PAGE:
A map of the full-grown sewer system of ancient Colonia Ulpia Traiana (near present Xanten, Germany). Note the exits on the north-east side of the town towards the river Rhine nearby.
Below a reconstruction of a sewer channel in the Archaeological Park Xanten in Xanten (Germany).
CUT had two or three bath buildings supplied by one aqueduct which entered the town from south-east.

Even with the wastewater system's shortcoming, it is astonishing to note the absence of significant improvements in collection systems until the 1840's, some 17 centuries later.
The present entry to the 150 m passable sewer system of CCAA (present Köln, Germany) is via the Praetorium at Kleine Budengasse 2. This sewer, equipped with some manholes for maintenance and repair, is about 10 m below the present Grosze Budengasse, 1,2 m wide and 2,0 - 2,5 m high. During preparation for a new metro-line an extension of the sewer was discovered. During the Second Worldwar the canal served as an air-raid shelter. Above: The Roman theater in Philadelphia (present Amman, Jordan), which was built during the reign of Antonius Pius (138-161 CE), is very similar in design to the amphitheater at Jerash, and can accommodate 6000 spectators. It is equipped with many inlets to the subterranean drainage system.

Below: the second century expansion of the Italica (present Santiponce, Spain) was well equipped with a 8 km long sewer / drainage system. The main sewers / drains normally coincided with the axis of the cardines, measured 0,9 x 1,7 m and were fed by smaller ones (0,45 x 1,5 m) that ran below the decumani. Amman (Jordan) and Italica (Spain)
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Wastewater 2: outside Rome

Wastewater in Rome

In many cases, the drainage networks built in many cities in antiquity were of use only to a very small part of the population. In Rome, for instance, it was not an obligation to connect the houses ("insulae") with the drainage system. Real estate speculations were running wild in those days, so it is not very probable that the landlords did more investments than it was regulated by law. According to Livy, it was only regulated that the drainage channels in private homes had to be built on the landlords' own expenses, they had to pay the cloaricum exactly for that purpose.
Initially, the sewers were put under the control of the censors, later of the aedils and eventually of the Curatores cloacorum.
One of the exits of the Roman sewer system of Merida (Spain) towards the river Guadalquivir, which can be found close to the Roman bridge.

Concerning the canalization, Pompeii [Italy] allows us a good insight into the conditions of Ancient Roman rural towns. Nissen's opinion is that this city never ever had a Cloaca system like in Rome. Almost every house led the drainage directly into the streets. The pavement was continuously curved; so the waters were gathering at the curbstones. To cross the pavement - which was probably wet very often - on dry ground, special stepping stones were placed in the middle of the street. The tenants were responsible both for the maintenance of the plaster and the unrestricted drainage of the waters. Before the invention of the sidewalks, the kennel must have been situated in the middle of the road. The waters flew off through discharge apertures - sometimes, here and there, they are still visible today in the sidewalks. But Nissen thinks that subterranean drainpipes were erected only at those places where greater amounts of waters were flowing off - for instance, at the Forum Romanum or at the Stabian therms. []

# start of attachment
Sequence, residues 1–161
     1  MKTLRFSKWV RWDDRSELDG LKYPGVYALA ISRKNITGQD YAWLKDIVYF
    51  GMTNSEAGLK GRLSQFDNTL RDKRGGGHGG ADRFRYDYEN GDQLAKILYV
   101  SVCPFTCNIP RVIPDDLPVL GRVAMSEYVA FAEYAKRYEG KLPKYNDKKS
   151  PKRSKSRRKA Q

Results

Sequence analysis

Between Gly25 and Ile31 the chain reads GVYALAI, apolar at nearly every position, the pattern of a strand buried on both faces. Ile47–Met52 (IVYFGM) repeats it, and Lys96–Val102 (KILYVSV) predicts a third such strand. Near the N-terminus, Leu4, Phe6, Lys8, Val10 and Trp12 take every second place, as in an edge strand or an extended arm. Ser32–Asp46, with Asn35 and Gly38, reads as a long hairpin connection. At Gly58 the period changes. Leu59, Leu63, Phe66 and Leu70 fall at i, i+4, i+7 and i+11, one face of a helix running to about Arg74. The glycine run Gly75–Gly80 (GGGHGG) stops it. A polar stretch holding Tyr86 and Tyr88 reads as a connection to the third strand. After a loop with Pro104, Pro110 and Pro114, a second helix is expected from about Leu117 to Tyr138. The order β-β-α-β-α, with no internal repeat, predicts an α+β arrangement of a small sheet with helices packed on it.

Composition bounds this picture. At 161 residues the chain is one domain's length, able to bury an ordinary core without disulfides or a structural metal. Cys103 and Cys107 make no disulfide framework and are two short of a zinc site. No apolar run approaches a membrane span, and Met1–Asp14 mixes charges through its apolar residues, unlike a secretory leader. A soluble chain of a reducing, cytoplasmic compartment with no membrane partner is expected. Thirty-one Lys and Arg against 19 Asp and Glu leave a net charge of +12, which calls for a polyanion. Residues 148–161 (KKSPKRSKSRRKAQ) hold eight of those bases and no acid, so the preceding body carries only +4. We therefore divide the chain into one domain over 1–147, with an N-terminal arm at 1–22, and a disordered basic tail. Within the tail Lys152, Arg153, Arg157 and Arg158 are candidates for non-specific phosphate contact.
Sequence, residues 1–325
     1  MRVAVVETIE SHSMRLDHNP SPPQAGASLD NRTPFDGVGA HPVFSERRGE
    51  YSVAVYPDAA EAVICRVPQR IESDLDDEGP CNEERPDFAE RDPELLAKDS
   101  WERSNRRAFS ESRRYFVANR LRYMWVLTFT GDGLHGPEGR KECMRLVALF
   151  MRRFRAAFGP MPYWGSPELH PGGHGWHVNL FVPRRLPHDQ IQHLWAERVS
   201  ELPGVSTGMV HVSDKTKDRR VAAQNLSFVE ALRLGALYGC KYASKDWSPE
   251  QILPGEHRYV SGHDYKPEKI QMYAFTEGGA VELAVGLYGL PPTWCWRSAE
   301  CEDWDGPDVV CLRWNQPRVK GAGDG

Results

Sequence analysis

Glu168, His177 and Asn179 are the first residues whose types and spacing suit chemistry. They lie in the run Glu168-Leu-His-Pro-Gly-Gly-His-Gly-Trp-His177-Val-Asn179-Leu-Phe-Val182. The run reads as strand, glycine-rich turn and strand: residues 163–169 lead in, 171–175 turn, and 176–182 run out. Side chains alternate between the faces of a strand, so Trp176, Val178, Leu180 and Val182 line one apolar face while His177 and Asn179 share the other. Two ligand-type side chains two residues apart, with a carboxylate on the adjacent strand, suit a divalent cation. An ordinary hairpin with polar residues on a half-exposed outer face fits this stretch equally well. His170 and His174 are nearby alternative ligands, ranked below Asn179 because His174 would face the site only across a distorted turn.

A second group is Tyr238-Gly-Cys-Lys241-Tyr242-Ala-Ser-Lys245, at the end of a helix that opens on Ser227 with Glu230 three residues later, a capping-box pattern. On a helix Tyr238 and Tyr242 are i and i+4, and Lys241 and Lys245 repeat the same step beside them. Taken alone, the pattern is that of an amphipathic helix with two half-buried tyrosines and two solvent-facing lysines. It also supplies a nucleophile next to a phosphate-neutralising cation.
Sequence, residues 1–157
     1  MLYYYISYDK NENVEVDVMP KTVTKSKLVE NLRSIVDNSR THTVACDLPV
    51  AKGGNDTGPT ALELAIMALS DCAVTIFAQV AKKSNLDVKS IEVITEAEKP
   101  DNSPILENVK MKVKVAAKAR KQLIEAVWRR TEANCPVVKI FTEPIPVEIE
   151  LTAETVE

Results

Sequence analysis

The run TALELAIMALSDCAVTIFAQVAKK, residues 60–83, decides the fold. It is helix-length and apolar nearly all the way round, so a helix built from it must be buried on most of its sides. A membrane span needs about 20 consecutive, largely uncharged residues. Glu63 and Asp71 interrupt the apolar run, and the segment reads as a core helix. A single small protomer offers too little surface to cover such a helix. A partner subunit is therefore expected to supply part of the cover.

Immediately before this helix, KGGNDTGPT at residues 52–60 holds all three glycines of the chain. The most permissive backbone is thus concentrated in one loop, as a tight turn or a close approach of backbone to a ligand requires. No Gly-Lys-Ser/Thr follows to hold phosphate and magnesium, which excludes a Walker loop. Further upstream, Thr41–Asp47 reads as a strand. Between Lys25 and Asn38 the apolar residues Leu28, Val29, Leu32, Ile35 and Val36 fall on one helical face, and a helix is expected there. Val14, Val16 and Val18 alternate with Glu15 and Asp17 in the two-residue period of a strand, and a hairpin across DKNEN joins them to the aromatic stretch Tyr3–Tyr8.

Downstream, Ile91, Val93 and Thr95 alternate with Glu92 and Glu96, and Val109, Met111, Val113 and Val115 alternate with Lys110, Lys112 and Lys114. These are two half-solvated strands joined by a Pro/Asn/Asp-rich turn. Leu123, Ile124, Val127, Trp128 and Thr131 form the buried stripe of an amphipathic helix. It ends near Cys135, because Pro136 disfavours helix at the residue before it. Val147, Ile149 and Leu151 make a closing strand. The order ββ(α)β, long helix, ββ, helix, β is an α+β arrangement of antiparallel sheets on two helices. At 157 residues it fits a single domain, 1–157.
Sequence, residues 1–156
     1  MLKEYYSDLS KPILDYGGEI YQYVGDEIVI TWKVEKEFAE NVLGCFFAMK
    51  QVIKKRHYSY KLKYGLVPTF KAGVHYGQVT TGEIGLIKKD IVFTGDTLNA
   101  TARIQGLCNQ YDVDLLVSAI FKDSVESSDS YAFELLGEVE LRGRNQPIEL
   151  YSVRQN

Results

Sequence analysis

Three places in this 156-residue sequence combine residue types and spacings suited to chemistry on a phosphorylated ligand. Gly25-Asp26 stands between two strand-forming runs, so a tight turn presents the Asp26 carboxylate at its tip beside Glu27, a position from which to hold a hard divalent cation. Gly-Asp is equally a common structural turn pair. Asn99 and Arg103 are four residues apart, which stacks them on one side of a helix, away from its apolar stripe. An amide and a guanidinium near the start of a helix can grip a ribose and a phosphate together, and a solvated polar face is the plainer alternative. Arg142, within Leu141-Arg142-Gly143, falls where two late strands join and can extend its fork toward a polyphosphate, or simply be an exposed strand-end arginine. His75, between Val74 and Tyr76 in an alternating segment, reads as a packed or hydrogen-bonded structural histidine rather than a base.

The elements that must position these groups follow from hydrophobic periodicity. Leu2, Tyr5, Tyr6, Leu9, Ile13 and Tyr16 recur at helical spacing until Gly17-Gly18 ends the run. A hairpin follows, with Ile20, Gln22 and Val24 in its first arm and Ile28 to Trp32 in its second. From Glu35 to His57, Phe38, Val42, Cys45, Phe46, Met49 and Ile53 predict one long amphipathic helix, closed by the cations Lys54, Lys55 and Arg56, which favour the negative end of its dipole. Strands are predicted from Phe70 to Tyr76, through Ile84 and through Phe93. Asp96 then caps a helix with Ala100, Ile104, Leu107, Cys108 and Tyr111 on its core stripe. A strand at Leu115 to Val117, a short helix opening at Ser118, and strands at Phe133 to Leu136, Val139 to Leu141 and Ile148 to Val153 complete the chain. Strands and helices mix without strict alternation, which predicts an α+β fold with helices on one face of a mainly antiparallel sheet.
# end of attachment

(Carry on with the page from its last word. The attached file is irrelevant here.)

Numerous drainpipes are to be found beneath the ruins of Nicomedia [Turkey]. This city is situated at the flank of a hill. She was built terraced. The various terraces were separated from each other by supporting walls. The lowermost terrace, initially situated directly at the sea, disposes of three flying buttresses with a distance of approx. three meters to each other. Drain pipes are leading to these buttresses. These pipes are big enough in their cross section that a man can walk into them without any problems. These pipes were made first and foremost to discharge the rain waters safely.

At the bottom of a hill in Orange [France], the ancient Arausio, there used to be a marsh. The sewage water of this city was lead into the marsh. To protect the lower districts of Arausio from flooding in case of heavy rainfall, a drainpipe was laid. Via the Meague River the waters were discharged into the Rhone. The width of this main collector was up to two meters.

In Aosta [Italy], a consistent sewer system was available. The pipe disposes of a clear width of 0,64 meters to 0,85 meters and a height of 1,68 meters. On the back side, the pipe is 1,33 meters beneath the road bed. The upper part is vaulted in a semi-circular shape.

In Paris [France], fragments of the former drainpipes from Roman times are still preserved upon the isle of Notre Dame. The height of these pipes is 0,60 meters, the width 0,50 meters.

Remnants of Roman drainpipes have been found in Cologne [Köln] and in Trier (Germany). Fig. XX shows the cross section of the channel which was exposed in the neighborhood of Alteburg in Cologne. Interestingly enough are the applied forms of the cross section as well as the embedding of the pipe in blue colored clay. Another drainpipe, exposed in the Budengasse Alley, was made out of tufa ashleys and sealed with a semi-circular vault. The height is 2,45 meters, the width 1,20 meters.


From: C. Merckel (1899): Ingenieurstechnik im Alterthum